As a part of my homework, I am supposed to write a simple PNG reader in Python. I am forbidden to use any Python libraries that work with images, and as a result I should have a list lists(rows of image) of RGB touples of single pixels.

The decoder is supposed to read only the most basic PNG images, which consist only of IHDR, IDAT and IEND chunks, the IDAT only with basic RGB data. My program so far checks for the correct PNG header and decompress the IDAT chunk with zlib.decompress().

In this phase I am stuck for several days. The zlib decopress left the image data in the state, where I have byte representation of rows of the image like this:

every line begins with 1 byte, either 0x00, 0x04, 0x02 or 0x01. I have found out that 0x00 means that the row is in "raw data", meaning next bytes are representing R, G, or B of the pixel and so on till the end of the line (there is not actual newline but abother "header byte"). 0x04 or 0x02 however as I read are coded in Huffman coding and here lies my question:

How to decode these rows? Is there a python function for this (just like there is the zlib decompress for the inflate step) Also, last 2 rows begin with 0x01, which as I read about Deflate should mean "this is the last block in the stream." Why do I have that in last 2 rows of the image, not only the last one? And the data of the last 2 rows is also confusing, because some pixels are obviously in "raw" representation, but some are not.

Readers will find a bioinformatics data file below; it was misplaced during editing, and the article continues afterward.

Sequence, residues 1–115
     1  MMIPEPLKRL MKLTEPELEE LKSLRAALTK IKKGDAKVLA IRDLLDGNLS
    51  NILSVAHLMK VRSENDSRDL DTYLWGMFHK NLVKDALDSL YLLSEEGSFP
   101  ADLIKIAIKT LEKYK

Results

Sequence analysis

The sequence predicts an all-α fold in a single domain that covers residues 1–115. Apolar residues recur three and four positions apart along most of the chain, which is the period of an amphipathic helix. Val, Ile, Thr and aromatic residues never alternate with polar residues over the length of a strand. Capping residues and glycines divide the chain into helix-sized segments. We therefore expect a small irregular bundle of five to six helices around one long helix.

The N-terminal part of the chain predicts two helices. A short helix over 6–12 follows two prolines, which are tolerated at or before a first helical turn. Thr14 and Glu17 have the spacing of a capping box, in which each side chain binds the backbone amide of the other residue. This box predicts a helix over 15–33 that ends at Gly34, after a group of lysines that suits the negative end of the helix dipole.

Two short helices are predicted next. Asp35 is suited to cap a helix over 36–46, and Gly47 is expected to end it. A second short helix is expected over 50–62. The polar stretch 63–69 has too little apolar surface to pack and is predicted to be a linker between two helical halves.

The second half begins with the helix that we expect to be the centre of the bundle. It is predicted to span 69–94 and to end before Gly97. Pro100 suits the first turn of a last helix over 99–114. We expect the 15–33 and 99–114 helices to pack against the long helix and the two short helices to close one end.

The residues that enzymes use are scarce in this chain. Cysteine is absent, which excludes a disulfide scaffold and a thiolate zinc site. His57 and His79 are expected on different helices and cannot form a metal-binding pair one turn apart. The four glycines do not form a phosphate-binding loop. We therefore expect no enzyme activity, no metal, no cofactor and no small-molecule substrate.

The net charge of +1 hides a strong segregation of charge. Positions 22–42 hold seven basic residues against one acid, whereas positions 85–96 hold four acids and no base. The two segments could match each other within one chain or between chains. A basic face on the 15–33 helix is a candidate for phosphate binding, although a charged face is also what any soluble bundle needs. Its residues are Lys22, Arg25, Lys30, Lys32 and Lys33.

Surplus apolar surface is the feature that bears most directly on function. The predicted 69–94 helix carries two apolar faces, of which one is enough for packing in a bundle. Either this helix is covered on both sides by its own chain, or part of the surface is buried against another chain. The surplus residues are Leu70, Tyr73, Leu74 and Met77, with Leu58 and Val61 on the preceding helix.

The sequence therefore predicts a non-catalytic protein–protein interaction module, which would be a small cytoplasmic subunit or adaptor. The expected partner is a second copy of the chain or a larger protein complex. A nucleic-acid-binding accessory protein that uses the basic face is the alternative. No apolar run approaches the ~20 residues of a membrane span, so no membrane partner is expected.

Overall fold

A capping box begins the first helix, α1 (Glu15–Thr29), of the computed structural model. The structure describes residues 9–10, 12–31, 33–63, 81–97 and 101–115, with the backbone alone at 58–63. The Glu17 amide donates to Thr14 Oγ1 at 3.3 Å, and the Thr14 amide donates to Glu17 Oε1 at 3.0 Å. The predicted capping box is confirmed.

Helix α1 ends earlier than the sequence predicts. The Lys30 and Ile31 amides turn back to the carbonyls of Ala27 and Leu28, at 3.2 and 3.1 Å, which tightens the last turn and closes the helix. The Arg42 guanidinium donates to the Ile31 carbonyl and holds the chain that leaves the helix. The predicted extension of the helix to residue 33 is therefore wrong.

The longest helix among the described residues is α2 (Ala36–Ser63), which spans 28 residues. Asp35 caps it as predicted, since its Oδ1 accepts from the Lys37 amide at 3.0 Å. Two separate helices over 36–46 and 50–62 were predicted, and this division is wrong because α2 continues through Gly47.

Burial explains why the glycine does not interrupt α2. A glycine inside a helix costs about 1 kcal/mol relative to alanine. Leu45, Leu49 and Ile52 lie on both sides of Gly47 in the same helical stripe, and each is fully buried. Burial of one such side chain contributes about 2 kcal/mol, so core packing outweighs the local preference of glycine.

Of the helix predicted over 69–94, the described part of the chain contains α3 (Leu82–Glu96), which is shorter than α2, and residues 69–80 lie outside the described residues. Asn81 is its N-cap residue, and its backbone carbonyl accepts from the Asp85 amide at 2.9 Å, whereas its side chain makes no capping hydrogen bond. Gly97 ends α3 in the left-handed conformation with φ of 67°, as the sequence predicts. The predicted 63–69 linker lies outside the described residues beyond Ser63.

Thank you very much, I tried to find my answer everywhere already...



Huffman encoding is part of the deflate compression that zlib.decompress already undoes for you. According to section 4.5.4 of the PNG spec the first byte of each scanline is filter type, and the filters are described in section 9.

  • thank you, that's what I needed! : – Vojta Hejda Jun 13 '13 at 12:30
  • @VojtaHejda Glad to hear. If you accept this answer by clicking the checkmark, others will see that the question is answered. – Janne Karila Jun 13 '13 at 12:49

That first byte of data for each line doesn't affect compression: it tells which pre-filter was run on the data before compression, and it can be 0 to 4. This is descibed at http://www.w3.org/TR/PNG-Filters.html . And BTW, you can blame me--the idea of using a different filter for each scanline was mine. :-)

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